Mystery seeds from China are landing in Americans’ mailboxes
The U.S. Department of Agriculture has identified some of the plant species in bags of unsolicited seeds arriving in mailboxes across the United States. Officials have warned the shipments of mystery seeds, which appear to have originated in China, could be invasive plant species.
So far, however, the species appear to be innocuous. At least 14 of the seed species had been identified as of July 29, according to Deputy Administrator Osama El-Lissy of the USDA’s Animal and Plant Health Inspection Service. They includes mustard, cabbage and morning glory as well as herbs like mint, sage, rosemary and lavender. He said hibiscus and roses were also found.
CBS News confirmed that residents in all 50 states have reported receiving the suspicious packages of seeds. The USDA said if you receive the packets of seeds, do not plant them and contact your state plant regulatory official.
Prior to identifying the seeds, government officials voiced concern and warnings that these mailed seeds could be an invasive species that have potential to wreak havoc on domestic crops and livestock. All 50 states have advised residents to not plant seeds they have not ordered themselves for environmental national security.
500 people have reported mystery seeds in their mailboxes
The so-called mystery seeds are sprouting up all over the place. More than 500 reports have been filed with state health officials with the department of agriculture. It’s not uncommon for those who do a lot of online shopping to get a lot of different items in their mail.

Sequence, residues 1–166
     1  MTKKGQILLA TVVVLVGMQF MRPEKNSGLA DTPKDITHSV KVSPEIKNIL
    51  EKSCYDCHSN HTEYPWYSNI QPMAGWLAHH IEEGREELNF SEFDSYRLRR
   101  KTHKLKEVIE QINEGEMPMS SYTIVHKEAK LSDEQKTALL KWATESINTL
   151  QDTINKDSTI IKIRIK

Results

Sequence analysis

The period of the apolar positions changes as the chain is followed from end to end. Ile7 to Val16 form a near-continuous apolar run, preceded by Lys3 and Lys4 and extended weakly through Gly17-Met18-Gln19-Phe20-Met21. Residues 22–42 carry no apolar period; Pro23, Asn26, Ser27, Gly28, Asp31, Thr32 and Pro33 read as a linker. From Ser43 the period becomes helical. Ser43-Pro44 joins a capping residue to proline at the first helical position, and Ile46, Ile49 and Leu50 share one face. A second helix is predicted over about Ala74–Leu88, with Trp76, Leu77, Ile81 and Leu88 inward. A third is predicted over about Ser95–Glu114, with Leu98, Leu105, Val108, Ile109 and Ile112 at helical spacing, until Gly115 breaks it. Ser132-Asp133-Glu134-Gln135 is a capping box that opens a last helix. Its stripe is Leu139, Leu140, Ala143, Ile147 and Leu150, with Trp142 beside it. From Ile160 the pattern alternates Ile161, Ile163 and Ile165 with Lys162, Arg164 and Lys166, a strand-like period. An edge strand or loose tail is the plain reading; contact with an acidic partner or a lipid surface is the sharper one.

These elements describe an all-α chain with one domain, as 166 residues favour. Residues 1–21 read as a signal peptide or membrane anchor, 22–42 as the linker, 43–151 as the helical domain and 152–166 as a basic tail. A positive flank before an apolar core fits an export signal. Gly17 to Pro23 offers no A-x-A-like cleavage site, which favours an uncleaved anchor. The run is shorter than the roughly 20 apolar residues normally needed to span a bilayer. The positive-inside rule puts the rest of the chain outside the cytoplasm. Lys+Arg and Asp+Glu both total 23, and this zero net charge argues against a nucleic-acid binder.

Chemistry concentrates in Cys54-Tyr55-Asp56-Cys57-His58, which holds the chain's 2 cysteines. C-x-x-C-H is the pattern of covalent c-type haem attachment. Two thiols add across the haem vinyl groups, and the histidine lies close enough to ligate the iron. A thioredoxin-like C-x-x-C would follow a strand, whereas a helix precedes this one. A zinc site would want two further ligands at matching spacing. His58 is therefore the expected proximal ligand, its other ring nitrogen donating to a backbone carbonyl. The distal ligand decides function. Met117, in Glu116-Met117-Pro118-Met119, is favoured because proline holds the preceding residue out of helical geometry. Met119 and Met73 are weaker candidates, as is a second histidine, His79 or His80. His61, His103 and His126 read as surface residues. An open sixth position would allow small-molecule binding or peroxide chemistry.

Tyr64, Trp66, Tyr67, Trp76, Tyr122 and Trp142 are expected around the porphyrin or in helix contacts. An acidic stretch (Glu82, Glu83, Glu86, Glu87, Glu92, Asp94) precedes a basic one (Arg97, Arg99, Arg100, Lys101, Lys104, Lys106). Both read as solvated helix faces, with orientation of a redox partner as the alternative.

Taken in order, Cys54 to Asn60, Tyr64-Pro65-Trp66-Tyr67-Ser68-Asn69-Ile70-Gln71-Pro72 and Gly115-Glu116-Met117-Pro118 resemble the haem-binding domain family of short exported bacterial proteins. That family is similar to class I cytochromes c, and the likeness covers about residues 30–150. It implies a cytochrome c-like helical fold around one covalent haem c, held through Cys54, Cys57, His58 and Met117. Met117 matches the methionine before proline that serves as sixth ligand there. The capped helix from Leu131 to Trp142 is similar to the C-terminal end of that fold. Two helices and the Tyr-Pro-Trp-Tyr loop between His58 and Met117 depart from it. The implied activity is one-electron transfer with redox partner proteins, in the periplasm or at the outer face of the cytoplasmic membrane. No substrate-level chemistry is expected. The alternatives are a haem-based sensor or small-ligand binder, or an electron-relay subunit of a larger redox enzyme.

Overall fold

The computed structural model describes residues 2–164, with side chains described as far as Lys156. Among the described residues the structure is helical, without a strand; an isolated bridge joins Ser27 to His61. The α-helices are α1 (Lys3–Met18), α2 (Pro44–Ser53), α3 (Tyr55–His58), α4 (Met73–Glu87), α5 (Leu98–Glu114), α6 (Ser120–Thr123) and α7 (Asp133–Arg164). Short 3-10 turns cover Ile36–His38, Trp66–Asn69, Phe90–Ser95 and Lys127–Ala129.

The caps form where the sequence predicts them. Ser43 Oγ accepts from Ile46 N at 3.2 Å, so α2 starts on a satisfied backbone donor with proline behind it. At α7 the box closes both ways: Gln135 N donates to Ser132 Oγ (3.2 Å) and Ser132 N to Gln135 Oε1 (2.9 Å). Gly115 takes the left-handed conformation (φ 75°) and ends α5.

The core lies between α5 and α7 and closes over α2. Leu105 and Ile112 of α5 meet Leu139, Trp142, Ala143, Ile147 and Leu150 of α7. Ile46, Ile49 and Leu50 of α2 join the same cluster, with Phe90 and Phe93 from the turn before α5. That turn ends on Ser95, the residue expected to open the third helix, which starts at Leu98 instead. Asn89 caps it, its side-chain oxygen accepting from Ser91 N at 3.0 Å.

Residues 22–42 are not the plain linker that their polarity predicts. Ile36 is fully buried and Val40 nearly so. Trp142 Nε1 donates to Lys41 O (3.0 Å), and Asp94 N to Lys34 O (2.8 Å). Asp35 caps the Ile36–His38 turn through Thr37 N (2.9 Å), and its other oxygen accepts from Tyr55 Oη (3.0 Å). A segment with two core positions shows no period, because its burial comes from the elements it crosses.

Several hundred Wisconsin residents have received these unsolicited packages in the mail containing seeds or what appear to be seeds that appear to have originated from china or potentially other countries.
Officials with the state’s department of agriculture trade and consumer protection say it’s too common for it to be a simple mistake of address and some of these people aren’t just getting seeds. We’ve also been notified of some people receiving other unsolicited packages that contain some other kind of small items.
We’ve heard of things like nail clippers or a small fan or any number of small unsolicited items that people didn’t order. Whether it’s a pair of clippers or a bag of seeds the advice on what to do is the same. We have no evidence of anything malicious happening here.FOX6 News Milwaukee
The USDA later urged anyone who receives an unsolicited seed package to contact their state plant regulatory official or APHIS State plant health director immediately. “Please hold onto the seeds and packaging, including the mailing label, until someone from your State department of agriculture or APHIS contacts you with further instructions. Do not plant seeds from unknown origins,” it said Tuesday.
Maryland agriculture officials said in a tweet they were working with the USDA to investigate seeds sent to residents there and warned people not to plant them.
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So, DO NOT PLANT THE SEEDS !